Their current book is entitled Culture of Caring: Healing and Helping in Traumatizing Times. This book focuses on our nation, not just New Mexico, and in it the authors address the question “[H]ow does a society of 350 million traumatized people find the strength to heal and help one another?” (back cover). For the authors, being trauma-informed is an important first step, but it’s critical for society to move from mere awareness-generating to what they call “radical altruism,” or that “significant change and measurable and meaningful action relating to the fundamental nature of the selfless caring of others” (27). This can be tough, especially when we’re exhausted ourselves. Ortega Courtney and Capello recognize this, encouraging readers to prioritize their health and self-care “in order to have the inner resources to engage in significant acts of large-scale altruism” (253). And when we’re ready to take up the work, we can begin the work of positive social transformation based on some of the actions they describe.
Creating a “culture of caring” means building safe and healing spaces, notably in our classrooms. Trauma-informed teaching theory tells us this does not mean diluting rigor or ignoring standards. It doesn’t mean, for example, allowing students to skip assignments because they’re going through a hardship; instead, it means being more flexible with a due date or a mode of final presentation. For example, when the pandemic first occurred, I didn’t insist that students complete all assignments through the LMS; I would copy and paste the questions or the prompts into emails students could access with their cell phones. They copied down the questions or wrote a response, then they took a photo of the paper to upload back to me. One student had to climb a mesa to access a signal strong enough to download and upload assignments; I didn’t hold this learner to hard and fast deadlines; in fact, I commended the student’s resilience and dedication under extraordinary circumstances. Measures like this foster the sense of a classroom of caring, and it’s just one space we can do so. In Culture of Caring, Ortega Courtney and Cappello identify several others.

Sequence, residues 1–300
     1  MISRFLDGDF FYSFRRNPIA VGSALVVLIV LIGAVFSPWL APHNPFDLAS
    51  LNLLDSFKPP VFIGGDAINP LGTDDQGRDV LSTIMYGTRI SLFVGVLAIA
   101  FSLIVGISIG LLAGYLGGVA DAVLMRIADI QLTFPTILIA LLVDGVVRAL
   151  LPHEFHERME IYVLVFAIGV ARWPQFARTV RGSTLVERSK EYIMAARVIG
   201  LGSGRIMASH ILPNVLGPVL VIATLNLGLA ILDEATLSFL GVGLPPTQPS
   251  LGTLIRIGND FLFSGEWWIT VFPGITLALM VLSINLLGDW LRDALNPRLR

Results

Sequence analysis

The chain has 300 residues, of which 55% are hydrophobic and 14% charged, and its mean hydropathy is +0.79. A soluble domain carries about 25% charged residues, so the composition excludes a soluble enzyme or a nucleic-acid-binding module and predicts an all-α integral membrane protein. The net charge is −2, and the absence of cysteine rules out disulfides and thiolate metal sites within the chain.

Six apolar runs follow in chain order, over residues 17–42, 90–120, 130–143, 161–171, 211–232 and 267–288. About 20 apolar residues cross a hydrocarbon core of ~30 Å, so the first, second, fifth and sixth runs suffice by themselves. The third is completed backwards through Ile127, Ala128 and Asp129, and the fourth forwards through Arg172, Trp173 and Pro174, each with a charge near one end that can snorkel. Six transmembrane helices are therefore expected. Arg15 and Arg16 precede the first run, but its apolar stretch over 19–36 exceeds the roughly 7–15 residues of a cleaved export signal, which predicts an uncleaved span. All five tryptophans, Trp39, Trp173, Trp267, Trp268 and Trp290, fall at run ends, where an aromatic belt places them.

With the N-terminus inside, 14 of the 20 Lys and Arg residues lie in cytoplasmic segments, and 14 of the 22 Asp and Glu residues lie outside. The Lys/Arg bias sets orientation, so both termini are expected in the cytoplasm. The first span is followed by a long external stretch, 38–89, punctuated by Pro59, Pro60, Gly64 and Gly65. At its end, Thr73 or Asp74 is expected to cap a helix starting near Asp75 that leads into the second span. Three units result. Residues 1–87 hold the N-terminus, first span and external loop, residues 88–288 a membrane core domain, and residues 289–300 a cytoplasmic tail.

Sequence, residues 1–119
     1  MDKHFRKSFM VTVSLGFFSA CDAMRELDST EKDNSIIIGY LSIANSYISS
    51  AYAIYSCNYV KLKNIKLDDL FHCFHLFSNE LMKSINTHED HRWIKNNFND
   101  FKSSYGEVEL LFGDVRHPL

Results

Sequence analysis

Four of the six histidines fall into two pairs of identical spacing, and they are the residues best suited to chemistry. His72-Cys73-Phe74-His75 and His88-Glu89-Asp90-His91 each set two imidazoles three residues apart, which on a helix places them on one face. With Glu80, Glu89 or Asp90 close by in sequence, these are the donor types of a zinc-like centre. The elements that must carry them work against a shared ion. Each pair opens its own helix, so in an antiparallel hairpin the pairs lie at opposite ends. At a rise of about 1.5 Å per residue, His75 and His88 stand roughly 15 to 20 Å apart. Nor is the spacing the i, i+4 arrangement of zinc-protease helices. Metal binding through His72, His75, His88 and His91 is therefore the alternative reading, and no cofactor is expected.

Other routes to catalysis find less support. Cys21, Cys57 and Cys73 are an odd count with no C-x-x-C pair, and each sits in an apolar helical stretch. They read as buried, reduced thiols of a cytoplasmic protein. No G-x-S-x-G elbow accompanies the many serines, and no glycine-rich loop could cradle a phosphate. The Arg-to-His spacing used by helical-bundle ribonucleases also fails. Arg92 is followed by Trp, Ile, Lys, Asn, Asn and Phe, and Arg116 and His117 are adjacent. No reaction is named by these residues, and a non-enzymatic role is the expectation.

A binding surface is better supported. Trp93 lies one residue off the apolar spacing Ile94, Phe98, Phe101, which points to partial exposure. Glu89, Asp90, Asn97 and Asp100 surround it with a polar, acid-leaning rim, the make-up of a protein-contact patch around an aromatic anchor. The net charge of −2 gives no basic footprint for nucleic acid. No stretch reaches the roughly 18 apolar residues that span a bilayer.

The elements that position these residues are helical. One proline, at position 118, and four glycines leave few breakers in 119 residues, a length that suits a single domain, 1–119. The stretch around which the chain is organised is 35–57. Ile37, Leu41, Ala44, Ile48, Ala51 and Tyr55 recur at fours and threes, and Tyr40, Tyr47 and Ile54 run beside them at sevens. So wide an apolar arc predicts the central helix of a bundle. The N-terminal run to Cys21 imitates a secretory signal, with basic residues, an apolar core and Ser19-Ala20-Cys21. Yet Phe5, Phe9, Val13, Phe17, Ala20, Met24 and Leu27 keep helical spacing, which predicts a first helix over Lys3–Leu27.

I’m reading Culture of Caring as part of a Two Profs from Ohio Deep Dive, or focused series of posts, on trauma and trauma-informed teaching practices. (In the interest of full disclosure, I am mentioned in the book’s acknowledgments, a fact I only discovered as I prepared this post!) We look forward exploring this topic further with you in upcoming entries.
“About.” Greater Good Science Center. University of California-Berkeley, 2022. https://ggsc.berkeley.edu/who_we_are/about.
Burke, Monica Galloway, Karl Laves, Jill Duba Sauerheber, and Aaron W. Hughey, Eds. Helping College Students in Distress: A Faculty Guide, Routledge, 2021.
Davidson, Shannon. Trauma-Informed Practices for Post-Secondary Education: A Guide. Education Northwest, 2017.
Ortega Courtney, Katherine and Dominic Capello. Culture of Caring: Healing and Helping in Traumatizing Times, self-published, 2021.
2022 copyright pending; image taken by Tracy Lassiter.